The History of Chinese Buddhist Bibliography: Censorship and Transformation of the Tripitaka

by Tanya Storch


"Storch offers a lucid and lively history of the development of scriptural catalogs from their murky origins in the third century up through the high Tang Dynasty (618-907) at the end of the eight century, a few centuries before print canons 'took on the [role of catalogs] in shaping the canon and defining its ideolofical and scriptural parameters' (xxiii). In attending to early catalogers' interest in producing catalogs, as well as noting formal innovations in the very structure of these catalogs with every successive iteration, Storch offers a comprehensive tour of medieval Chinese Buddhist catalog-thought, a discourse that had important effects not onl on Buddhist reading and other practices, but also on eventual reification and printing of East Asian Buddhist canons. ... Altogether the volume is a versatile guide to some of the earliest reference works in the Chinese Buddhist tradition. Additionally, dozens of tables outline each catalog's structure, rendering them comparable at a glance ...Storch's history provides a strong account for Chinese Buddhist catalogs' role in the evolution of that tradition's canon." — Review of Religion and Chinese Society

"This clearly organized, well-researched book on the medieval catalogs of Buddhist writings in China illuminates the shaky foundations of modern Buddhist research. Storch exposes how the Chinese Buddhist corpus was shaped—and even censored—by generations of catalogers, the guardians of the canon. At the same time, Storch probes the catalogs for what they reveal about standards of authenticity; the assignment of value to some scriptures over others; and the history of books, libraries, and learning in pre-modern China. Moreover, Storch argues convincingly that the history of Chinese Buddhist catalogs should be incorporated into comparative discussions of scripture and canon in world history. As the first general study of Chinese Buddhist bibliography in English by an author who demonstrates a thorough command of the material, this book is the first place scholars should turn to for information about the structure and formation of the Chinese Buddhist canon. This book deserves a place on the bookshelf of every specialist in pre-modern Chinese, Korean, and Japanese Buddhism." – John Kieschnick, Stanford University

“This volume brings forward the importance of the cataloging of the many versions of the Chinese Buddhist canon. Given that these compilations are the source for much of the written history of Buddhism in East Asia, they deserve the careful study that has been given to them by Tanya Storch in this book. Her research advances the understanding and provides much new data about this genre of literature and its impact on Chinese religion and culture.” – Lewis Lancaster, University of California, Berkeley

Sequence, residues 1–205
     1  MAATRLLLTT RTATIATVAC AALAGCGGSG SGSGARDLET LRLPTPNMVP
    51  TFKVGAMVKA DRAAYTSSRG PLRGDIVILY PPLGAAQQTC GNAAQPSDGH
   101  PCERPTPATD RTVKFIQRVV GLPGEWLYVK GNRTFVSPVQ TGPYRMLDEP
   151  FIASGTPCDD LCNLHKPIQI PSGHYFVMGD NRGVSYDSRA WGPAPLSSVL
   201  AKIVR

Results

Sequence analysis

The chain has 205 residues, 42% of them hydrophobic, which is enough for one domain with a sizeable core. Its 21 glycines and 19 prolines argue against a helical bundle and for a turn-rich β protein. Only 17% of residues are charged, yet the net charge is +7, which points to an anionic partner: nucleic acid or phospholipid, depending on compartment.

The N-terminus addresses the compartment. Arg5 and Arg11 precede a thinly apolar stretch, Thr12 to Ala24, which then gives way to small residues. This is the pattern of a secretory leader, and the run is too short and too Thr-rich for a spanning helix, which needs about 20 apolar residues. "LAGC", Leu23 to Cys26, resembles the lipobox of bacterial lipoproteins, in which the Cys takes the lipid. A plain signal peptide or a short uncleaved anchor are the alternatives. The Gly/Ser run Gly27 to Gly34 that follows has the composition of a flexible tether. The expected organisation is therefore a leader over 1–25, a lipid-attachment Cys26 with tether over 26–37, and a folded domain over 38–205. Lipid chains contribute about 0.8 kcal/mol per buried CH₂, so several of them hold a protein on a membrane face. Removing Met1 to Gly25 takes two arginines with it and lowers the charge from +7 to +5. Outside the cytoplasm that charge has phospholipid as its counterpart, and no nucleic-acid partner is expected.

“Offers insight into wide-ranging issues of how religious ideas are transmitted between cultures. Although the focus here is on the ways in which Buddhism, in both oral and written forms, was assimilated into Chinese literary society, Storch’s comparative approach will also be of interest to scholars specializing in the comparative analysis of sacred scriptures.” – E. Ann Matter, University of Pennsylvania

"Cataloging is an essential step toward canon formation in East Asian Buddhism. However, current scholarship has not yet revealed the mysteries behind the collection of the enormous corpus of Buddhist texts, which is called the Buddhist canon, let alone the process of catalog making. Dr. Storch’s work is pioneering in this direction and touches the core of the rich textual tradition in East Asian Buddhism. In addition, her meaningful contribution will be of interest to researchers of a global history of scriptural catalogs because she brings in a comparative perspective to the subject matter and puts the Chinese Buddhist catalogs on a par with the Confucian textual tradition and Western cataloging practices. This book is highly recommended for scholars and students studying Buddhism, history of the Chinese book, and comparative religion." – Jiang Wu, University of Arizona

“This highly accessible book is not only helpful to the nonspecialists in Buddhism but also to Buddhist scholars who are interested in how and why differing versions of the Buddhist canon came into existence. Much Buddhist sectarianism stems from different assessments of what should be counted as a reliable Buddhist scripture. This account of the long and complex history of Chinese Buddhist ideas about what should be included in a catalogue of authentic Buddhist scriptures sheds much light on the process of canon formation in Buddhism. It also demonstrates that Chinese Buddhists played a leading role in dividing Buddhism into so-called ‘Hinayana’ and ‘Mahayana,’ which is at the root of much Buddhist sectarianism. – Rita M. Gross, University of Wisconsin–Eau Claire


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